Graduate Spotlight Q&A: Omran Safi

Omran Safi, PhD Student at UBC Psychology

Join us in congratulating Omran Safi for publishing his first first-author paper and learn more about his experience pursuing a PhD at the Department of Psychology!

Omran Safi is a PhD student in the Memory and Imagination Lab working under the supervision of Dr. Daniela Palombo. Omran did his undergraduate degree in Psychology at UBC. Omran became interested in research towards the latter half of his degree and worked in the Motivated Cognition Lab run by Dr. Rebecca Todd. He also had the opportunity to work very closely with Dr. James Kryklywy of Lakehead University. Omran mentions that the skills and experience, along with Dr. Kryklywy’s mentorship, were invaluable and allowed him to pursue further research ultimately launching him into his current role as a PhD student.

Read our Q&A with Omran on his experience studying psychology at UBC, his research interests, his experience publishing his first-author paper, and more.

What inspired you to pursue a PhD in psychology with UBC?

Spending my undergrad here allowed me to realize the breadth and depth of research being conducted in our department. I had so many interests and there was so much to learn from everyone! Ultimately, these interests led me to Dr. Palombo’s lab where it became apparent I would enjoy working and exploring my ideas.

“I was encouraged by the fact that this strong research was fostered in a collaborative and friendly ethos.”
PhD Student, UBC Psychology

Please provide a high-level description of your research interests.

I am interested in elucidating the threads that weave our sense of subjective time when remembering moments in our lives. We stretch out certain events and compress others compared to the actual temporal unfolding of the experience. My research focuses on what factors affect how we remember time for disparate episodes within our lives.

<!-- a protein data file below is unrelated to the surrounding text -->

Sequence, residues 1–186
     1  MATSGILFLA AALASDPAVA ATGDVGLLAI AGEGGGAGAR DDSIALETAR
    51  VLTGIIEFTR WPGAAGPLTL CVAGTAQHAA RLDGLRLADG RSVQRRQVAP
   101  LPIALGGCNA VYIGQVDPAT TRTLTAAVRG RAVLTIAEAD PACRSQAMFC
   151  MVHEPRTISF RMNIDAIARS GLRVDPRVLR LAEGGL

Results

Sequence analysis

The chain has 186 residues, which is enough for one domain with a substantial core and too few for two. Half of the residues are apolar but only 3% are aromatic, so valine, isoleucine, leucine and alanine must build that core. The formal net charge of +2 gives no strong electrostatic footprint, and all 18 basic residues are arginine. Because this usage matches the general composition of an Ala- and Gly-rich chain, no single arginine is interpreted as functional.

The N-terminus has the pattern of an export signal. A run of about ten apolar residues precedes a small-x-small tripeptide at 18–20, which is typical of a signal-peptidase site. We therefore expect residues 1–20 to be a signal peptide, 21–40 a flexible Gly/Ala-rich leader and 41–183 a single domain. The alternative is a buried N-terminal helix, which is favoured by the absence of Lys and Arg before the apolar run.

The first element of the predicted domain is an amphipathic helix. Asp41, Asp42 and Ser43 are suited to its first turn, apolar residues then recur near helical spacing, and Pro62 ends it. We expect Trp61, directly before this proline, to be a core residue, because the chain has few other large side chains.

Can you share the experience of working with other researchers and your PI on this project?

It has been a wonderful experience getting to work with everyone. This project would not have been possible without the hard work and dedication of my team, particularly our undergraduate research assistants from Psychology and Computer Science. Our team’s collaborative and interdisciplinary nature was a key component of the project’s success. I am very grateful to have had the opportunity to work with and learn from everyone involved in the project.

What would you say are the key findings of your study?

Previous work looking at how we remember time has faced difficulty and often needed to make a trade-off between experimental control and ecological validity.

“Using a novel virtual reality paradigm, we found that negative-emotional events were remembered as being longer than neutral events despite both being remembered as being shorter than they actually were. ”
PhD Student, UBC Psychology

These results further demonstrate the importance of emotion and how it shapes how we remember the temporal unfolding of events from our past.

What advice would you give to other PhD students aspiring to publish their research?

My advice would be to not worry about publishing. Whether you publish something or not is seldom a reflection of the quality of your ideas or your work ethic as a researcher. Some ideas and projects will develop and get published and others will not. Stay the course and focus on doing the best science you can do so that when the time comes to publish you are confident in what you are putting out into the world.